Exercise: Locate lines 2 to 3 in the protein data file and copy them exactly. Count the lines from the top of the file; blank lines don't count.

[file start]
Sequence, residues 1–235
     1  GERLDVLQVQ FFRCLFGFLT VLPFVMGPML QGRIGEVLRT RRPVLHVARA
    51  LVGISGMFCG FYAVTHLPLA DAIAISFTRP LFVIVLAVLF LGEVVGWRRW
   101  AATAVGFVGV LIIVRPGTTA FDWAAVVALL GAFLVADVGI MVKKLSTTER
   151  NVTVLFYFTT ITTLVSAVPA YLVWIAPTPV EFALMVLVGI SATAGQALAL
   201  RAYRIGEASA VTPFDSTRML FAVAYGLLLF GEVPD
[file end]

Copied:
     1  GERLDVLQVQ FFRCLFGFLT VLPFVMGPML QGRIGEVLRT RRPVLHVARA
    51  LVGISGMFCG FYAVTHLPLA DAIAISFTRP LFVIVLAVLF LGEVVGWRRW